67. Easy, Steve, don’t hurt yourself. I don’t need to take a position on Craig’s apparent claim that the Bible is a work of fiction to maintain my claim. Whether Christianity is based on a book of fact or a book of fiction, it is a religion with principles that its pastors should follow. I can read that book, fact or fiction, supplement with informed discussion and commentary, and identify the principles Christian pastors should follow. I can then look at Mark Burns and say his hateful, exclusivist speech does not follow those principles.

  68. Steve Sibson

    Craig, “I’d suggest anyone who tries to pass off a book of fiction as historical fact should be classified as a false teacher”

    Cory, “I don’t need to take a position on Craig’s apparent claim that the Bible is a work of fiction to maintain my claim.”

    Cory, if the source of your position ends up being the Bible, then Craig is accusing you of being a false teacher.

  69. bearcreekbat

    If the Bible were admitted to be a work of fiction, then choosing to follow a Religion such as Christianity could actually make some sense. You could pick and choose the best parts of the Bible while rejecting the immoral stuff.

    If the Bible is a factual history and is completely accurate in its stories about God and Christ, however, then atheism – in the sense of rejecting Christian’s claim that it depicts a loving God and Christ deserving of worship – is the only moral ground available.

    Most of the stories I have read throughout the Bible do not depict a moral deity. Rather it depicts a deity with a personality much like Donald Trump – insecure, jealous, cruel, xenophobic, willing to murder and torture innocent family members of demonized groups, etc. And the Bible even clarifies that it’s God has to threaten eternal damnation to get readers to abandon morality and join this club. Mark Burns seems to fit right in.

  70. Steve Sibson

    Choosing to follow fiction is what atheists do when they follow Darwinism. Just ignore the part that blacks come from apes and whites come from chimpanzees to prevent your worldview from being based on racism vs the Biblical Christian worldview that we are all one race originating with Adam and Eve. You can ignore the immoral in Darwin’s book of fiction, but it doesn’t make it go away. Sad that scientists call it fact.

    Good luck with your rebellion against God. You can call the resulting wrath immoral, but it doesn’t make it go away. You will lose whether the Bible is fiction or not.

  71. Douglas Wiken

    Steve, check the direction of the wind before you post. Even if it is terribly hot, you probably don’t want to get wet.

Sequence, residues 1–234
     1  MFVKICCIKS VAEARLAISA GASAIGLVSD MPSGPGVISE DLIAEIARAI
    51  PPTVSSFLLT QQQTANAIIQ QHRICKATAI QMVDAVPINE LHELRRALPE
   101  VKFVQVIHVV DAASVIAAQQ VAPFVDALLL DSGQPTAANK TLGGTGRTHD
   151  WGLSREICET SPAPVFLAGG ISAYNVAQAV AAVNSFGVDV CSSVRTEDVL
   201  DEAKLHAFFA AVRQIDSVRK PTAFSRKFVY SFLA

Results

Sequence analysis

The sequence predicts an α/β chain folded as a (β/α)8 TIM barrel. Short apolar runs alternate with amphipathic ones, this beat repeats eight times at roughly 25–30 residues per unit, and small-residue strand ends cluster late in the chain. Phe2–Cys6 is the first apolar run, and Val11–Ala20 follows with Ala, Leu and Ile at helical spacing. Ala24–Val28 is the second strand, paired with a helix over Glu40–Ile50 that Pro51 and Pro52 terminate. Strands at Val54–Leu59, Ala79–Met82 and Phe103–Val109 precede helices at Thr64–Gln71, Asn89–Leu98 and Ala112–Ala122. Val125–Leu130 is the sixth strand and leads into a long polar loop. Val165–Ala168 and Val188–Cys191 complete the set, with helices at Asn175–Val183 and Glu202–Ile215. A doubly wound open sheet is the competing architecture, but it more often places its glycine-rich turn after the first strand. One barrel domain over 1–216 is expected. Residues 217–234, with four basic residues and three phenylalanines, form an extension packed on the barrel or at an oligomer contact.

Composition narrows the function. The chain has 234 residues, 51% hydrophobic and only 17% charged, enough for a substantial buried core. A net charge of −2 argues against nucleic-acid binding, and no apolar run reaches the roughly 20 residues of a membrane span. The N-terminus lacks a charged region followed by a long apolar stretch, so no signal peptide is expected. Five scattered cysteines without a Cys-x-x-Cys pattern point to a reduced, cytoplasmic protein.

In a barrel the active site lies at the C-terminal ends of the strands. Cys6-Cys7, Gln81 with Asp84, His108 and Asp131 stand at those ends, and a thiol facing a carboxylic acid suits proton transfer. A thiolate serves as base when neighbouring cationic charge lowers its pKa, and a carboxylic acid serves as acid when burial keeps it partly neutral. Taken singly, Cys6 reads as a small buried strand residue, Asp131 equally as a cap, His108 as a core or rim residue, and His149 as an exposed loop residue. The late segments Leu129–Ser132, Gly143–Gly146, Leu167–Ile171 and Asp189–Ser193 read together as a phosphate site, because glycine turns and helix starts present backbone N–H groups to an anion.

72. Douglas Wiken writes:

    Darwinism is a theory that has been proven dozens or thousands of times. Bacteria and virus are evolving every day to defeat antibiotics and other medicines. Insects develop resistance to chemical killers. Weeds develop immunity to weed killers.

    Darwin’s Origin of Species (1859) didn’t mention either bacteria or viruses. He was apparently unaware of their existence despite the fact that bacteria had first been observed in the laboratory more than 180 years earlier, in 1676, by creationist Antonie van Leeuwenhoek, the founder of microbiology.

    The other examples regarding insects and weeds refer only to microevolution, which is a simple change in allele frequencies as originally expounded in the mid 1860s by creationist Gregor Mendel, the founder of genetics. Darwinism would require an actual net increase in genetic information, which no one in the history of modern science has ever observed.

    I’d written:

    These are some (off-topic) facts for Craig:
    http://www.truedakotan.com/opinion/letterbox-science-includes-recognizing-assumptions/article_c211de08-0ba7-11e6-9f62-f74e57bae3ee.html
    http://www.mitchellrepublic.com/opinion/letters/4032885-letter-all-sound-science-compatible-christianity

    Craig replies:

    I find the irony in Kurt linking to “facts” which were nothing other than his letter to the editors of newspapers published on the OPINION page.

    Excluding my central thesis that sound science is compatible with Christianity, can you cite anything in either letter that you’d say isn’t true?

    … I’ll take my facts from real scientists. Not from young earth creationists that ignore scientific discovery because a book written by men a few thousand years ago is supposedly more accurate.

    That would be good news if it were true. Creationists who ignore scientific discovery often do more harm than good.

    “Bearcreekbat” writes:

    If the Bible is a factual history and is completely accurate in its stories about God and Christ, however, then atheism – in the sense of rejecting Christian’s claim that it depicts a loving God and Christ deserving of worship – is the only moral ground available.

    If the Bible is true, rejecting its claims is immoral.

    And the Bible even clarifies that it’s God has to threaten eternal damnation to get readers to abandon morality and join this club.

    The Bible clarifies that threatening damnation doesn’t cause people to follow Christ.

  73. bearcreekbat

    Kurt, then why is eternal damnation promised or threatened if not to persuade humans to submit to God or Christ?

    I don’t recall addressing the “claims” in the Bible, rather, I was referring to the stories some folks believe to be based on fact, such as the Passover story, the Midianite story, the Daniel and the lion’s den story about what happened to the tattletale guard’s innocent wife and children, Elisha and the two bears story, and similar stories. If these are indeed factually correct stories of the slaughter or enslavement of innocent wives and children it seems difficult to call the responsible deity “moral.”

  74. “Bearcreekbat” asks: